Delays and cancellations are part of a frequent traveler’s life. I think I’ve been pretty lucky over the last few years, only getting stuck occasionally. When I first started flying United Airlines on a regular basis a couple of years ago they were pretty generous when a plane ended up broken, usually with sizable vouchers for future travel. That ship pretty much sailed early in 2012, at least as far as compensation was concerned. There were still plenty of issues systemwide, especially last summer, though I managed to avoid most of them.
A few weeks ago one of my return flights on American got canceled due to mechanical reasons. I ended up getting re-routed to an airport about an hour away from my final destination. I needed to spend about $100 to get myself back to my original destination airport and ended up being about 2 hours behind schedule due to traffic. One could argue that the traffic wasn’t American’s fault, but I was flying to an area that’s notorious for unpredictable traffic and I originally selected the airport that would avoid that issue.
I contacted American late yesterday evening to lay out my case for compensation in a respectful manner. The surprising bright side to me? I received a reply from a human being about 6 minutes after I sent my note.
The part that doesn’t thrill me? The following text from the note:
While it is certainly our goal to operate each and every flight as planned, we have the responsibility to make changes to our schedules to resolve problems caused by weather, flight conditions, mechanical difficulties or other operational challenges. Accordingly, it is not an airline industry practice to assume financial responsibility for our customers’ personal time lost or for out-of-pocket expenses when extenuating circumstances prevent us from operating as planned.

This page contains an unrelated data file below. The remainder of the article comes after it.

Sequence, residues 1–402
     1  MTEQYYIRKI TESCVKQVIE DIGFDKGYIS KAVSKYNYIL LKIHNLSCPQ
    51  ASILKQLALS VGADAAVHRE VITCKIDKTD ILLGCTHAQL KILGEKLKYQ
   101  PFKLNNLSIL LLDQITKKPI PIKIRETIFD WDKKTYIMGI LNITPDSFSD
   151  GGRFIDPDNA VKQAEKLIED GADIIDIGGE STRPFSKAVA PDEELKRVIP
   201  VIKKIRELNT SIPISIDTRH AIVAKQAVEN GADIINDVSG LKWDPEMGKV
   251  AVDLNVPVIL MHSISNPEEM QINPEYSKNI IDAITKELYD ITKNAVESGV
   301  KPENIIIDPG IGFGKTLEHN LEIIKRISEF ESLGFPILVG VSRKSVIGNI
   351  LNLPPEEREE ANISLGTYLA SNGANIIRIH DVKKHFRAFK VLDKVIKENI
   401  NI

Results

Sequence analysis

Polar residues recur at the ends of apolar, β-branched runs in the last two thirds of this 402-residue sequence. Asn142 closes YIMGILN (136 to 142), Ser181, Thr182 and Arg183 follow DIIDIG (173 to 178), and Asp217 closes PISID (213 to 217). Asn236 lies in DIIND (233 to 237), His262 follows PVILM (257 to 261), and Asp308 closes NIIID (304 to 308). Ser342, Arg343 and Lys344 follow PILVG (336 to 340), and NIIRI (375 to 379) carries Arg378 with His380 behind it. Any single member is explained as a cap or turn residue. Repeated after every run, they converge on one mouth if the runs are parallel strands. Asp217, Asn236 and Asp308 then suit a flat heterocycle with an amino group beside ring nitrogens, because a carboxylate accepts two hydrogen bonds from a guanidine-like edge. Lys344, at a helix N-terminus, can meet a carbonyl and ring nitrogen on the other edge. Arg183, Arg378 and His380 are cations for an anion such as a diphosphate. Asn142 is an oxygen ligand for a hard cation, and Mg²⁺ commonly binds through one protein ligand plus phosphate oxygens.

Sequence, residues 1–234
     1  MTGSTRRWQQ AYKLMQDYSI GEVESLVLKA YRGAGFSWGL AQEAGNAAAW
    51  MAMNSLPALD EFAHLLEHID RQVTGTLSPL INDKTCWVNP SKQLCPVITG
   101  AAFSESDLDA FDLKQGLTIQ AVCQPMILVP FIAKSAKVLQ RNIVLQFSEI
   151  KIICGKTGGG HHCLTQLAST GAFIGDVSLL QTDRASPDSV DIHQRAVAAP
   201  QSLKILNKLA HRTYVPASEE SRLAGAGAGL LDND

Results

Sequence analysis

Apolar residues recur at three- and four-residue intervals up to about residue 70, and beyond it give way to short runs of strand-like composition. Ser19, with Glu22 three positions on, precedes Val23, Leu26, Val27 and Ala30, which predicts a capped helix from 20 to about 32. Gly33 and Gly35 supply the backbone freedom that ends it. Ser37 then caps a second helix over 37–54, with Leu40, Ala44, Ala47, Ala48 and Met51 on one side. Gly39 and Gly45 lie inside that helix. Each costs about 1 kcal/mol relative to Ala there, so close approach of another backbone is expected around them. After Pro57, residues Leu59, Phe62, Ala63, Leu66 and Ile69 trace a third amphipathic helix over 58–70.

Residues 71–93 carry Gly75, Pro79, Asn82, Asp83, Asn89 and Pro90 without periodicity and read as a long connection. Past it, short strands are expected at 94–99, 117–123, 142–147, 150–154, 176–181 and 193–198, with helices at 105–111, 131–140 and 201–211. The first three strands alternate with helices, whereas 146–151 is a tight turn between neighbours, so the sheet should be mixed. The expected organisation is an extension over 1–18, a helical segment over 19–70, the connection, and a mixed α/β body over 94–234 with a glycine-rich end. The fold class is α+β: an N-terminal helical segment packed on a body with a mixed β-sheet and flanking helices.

It’s largely understood that weather is really nobody’s fault. The airlines do their best when there’s a weather issue to get everyone where they need to go. But, I’ve always viewed mechanical difficulties as a different issue and I don’t think I’m alone. The letter went on to say that they were authorizing a $100 eVoucher because I was an important customer. So, I essentially end up even on the money I had to spend to get back to where I originally was supposed to land.
I guess that means I understand how American values the two hours of time I lost. 🙂
Seriously, though, I’ve said in the past I would rather the airlines just get me where I’m going on time, and that the compensation generally never makes up for what I’ve missed due to the inconvenience. And, largely, American has gotten me where I need to go on time and happy.
But I wonder if my expectations are too high when I say that an airline who can’t get me there on time because of a mechanical issue has a burden to make that right in a meaningful way. I’ve been in the customer service business for a long time and I can’t say there are many times I could shrug my shoulders when I promised something to a customer and then ultimately didn’t deliver because of a deficiency in our equipment or staff.
I don’t want to sound overly “preachy”. This really is an isolated incident in my recent travel. I suppose it wouldn’t have irked me all that much, but the appointment I had was with my daughter. Ultimately, she was happy that daddy was home even if he was later than expected. But you don’t get those minutes back as a parent, and the less my travel partners value my time the less I’m sure I’ll inevitably value that relationship.